UK Pensions Risk – Time to Rebalance and Allocate to Cash and Gold
– Value of Sterling and increased risks place pressure on pensioners both in UK and abroad
– 500,000 British expats face ‘frozen’ pensions
– 61% of UK Direct Benefit pension schemes have more money going out than coming in
– OECD report finds ‘UK workers face the biggest retirement cliff edge in developed world’
– Combined pension deficit of FTSE 350 companies is at 70% of their profits
– One in three wealth managers are holding cash for clients in anticipation of a market crash
The UK’s future pensioners should not rely on their state pension or they may face a huge fall in earnings, says a new report by the OECD.
Should Brits rely solely on their UK state pension then they will face the largest income drop of any OECD country. UK pensions represent on average 29% of in-work earnings, the OECD average is 63%.
The OECD explains:
‘Retirees without such additional sources of revenue [i.e. private pensions] are left with few resources; this is reflected in the poverty rate and high income inequality in the United Kingdom for the over 65s.
‘Following the sharp rise of income disparities during the 1980s in the United Kingdom, inequalities in later life will rise further as generation X approaches retirement.’
Once private pensions are factored in then the UK does not fair so badly; ahead of Germany but behind France, Italy and Spain.
But this is not something that should relax future retirees. There is a major pensions crisis in the UK, for both state and private funds. The OECD even refers to the UK’s defined benefit workplace pension plans (final salary schemes) as ‘persistently underfunded’.
This, combined with a low contribution rate by individuals, is down to a number of factors. The conclusion of the OECD report reminds readers of the importance of saving and politicians of the need for long-term planning over short-term policy gains.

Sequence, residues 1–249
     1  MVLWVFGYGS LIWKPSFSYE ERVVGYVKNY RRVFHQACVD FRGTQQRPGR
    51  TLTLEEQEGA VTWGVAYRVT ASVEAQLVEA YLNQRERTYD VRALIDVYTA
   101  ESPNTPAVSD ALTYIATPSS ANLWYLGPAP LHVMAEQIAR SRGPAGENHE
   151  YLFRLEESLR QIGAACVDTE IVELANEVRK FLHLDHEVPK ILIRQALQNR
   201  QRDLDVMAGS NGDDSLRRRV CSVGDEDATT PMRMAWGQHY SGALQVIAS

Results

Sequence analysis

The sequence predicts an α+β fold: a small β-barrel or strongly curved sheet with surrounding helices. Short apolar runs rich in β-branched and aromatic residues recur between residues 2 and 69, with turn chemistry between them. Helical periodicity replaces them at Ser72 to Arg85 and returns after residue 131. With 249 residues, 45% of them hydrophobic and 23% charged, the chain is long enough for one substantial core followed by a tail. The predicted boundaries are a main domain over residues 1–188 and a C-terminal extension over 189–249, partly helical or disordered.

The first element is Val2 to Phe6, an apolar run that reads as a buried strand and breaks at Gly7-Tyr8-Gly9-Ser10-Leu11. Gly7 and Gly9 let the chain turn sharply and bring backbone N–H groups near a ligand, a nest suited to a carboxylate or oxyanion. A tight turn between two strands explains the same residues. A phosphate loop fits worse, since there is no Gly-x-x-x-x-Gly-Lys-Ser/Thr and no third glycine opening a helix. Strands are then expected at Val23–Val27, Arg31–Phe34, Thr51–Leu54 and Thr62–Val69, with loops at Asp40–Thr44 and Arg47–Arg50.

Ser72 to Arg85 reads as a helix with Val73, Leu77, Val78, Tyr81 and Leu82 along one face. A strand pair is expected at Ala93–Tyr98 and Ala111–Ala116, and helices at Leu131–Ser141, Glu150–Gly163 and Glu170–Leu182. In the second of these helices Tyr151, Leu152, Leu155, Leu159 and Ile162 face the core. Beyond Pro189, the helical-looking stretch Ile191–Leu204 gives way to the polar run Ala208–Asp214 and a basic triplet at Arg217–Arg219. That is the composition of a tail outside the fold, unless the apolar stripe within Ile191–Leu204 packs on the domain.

There is little hope of politicians taking their attentions away from either Brexit or short-term economic results. We suggest the UK’s future pensioners, both at home and abroad, look to diversify their portfolios away from the risks currently facing the country.
Discrimination of expat pensioners
Expats living in the EU breathed a sigh of relief in September when a deal was confirmed regarding the ‘triple lock’ of their UK state pensions.
The ‘triple lock’ means pensions increase by the highest of earnings, inflation or 2.5%. This means pensioners’ income keeps pace with the rising cost of living. The September deal confirmed that this would continue to happen for those British nationals living in both the EU and EEA, following Brexit.
Sadly this is not the case for expats who have chosen to live abroad and outside of these economic zones. Of whom, there are more of than those living in either the EU or EEA. There is estimated to be over half a million Brits now highly exposed to weaknesses in the British pound and UK economy. These individuals will not see an increase in their pensions each year.
Not only have these expats been suffering as a result of the falling value of the pound thanks to inflation, but their plight has been made worse since Brexit. Of the top ten most populated countries by ‘frozen’ pensioners, Nigeria is the only country where sterling has gained strength.
Source: The Telegraph
There are arguments that the government’s approach to frozen pensions discriminates randomly between countries. Nigel Nelson, former president of the International Consortium of British Pensioners, explains:
“One colleague of mine retired to Canada in 1998 and received a state pension of £64.70 a week and nearly 20 years later he is still getting £64.70.
“As a result he’s received £27,945 less than his peers in Britain even though he has made the same level of National Insurance Contributions. This is just not right, it is immoral and discriminatory.”
Sadly, even those who live within the EU and EEA cannot count their chickens too soon. By 2020 the Conservatives intend to remove the 2.5% underpin which currently forms part of the ‘triple-lock’. This means pensioners will no longer be protected from the onslaught of inflation.
Responsible savers punished by irresponsible governments
It is not just the onslaught of inflation that is going to prove to be a pensioner’s biggest nemesis. Whether relying on state or private pensions, retirees are facing huge risks in coming years.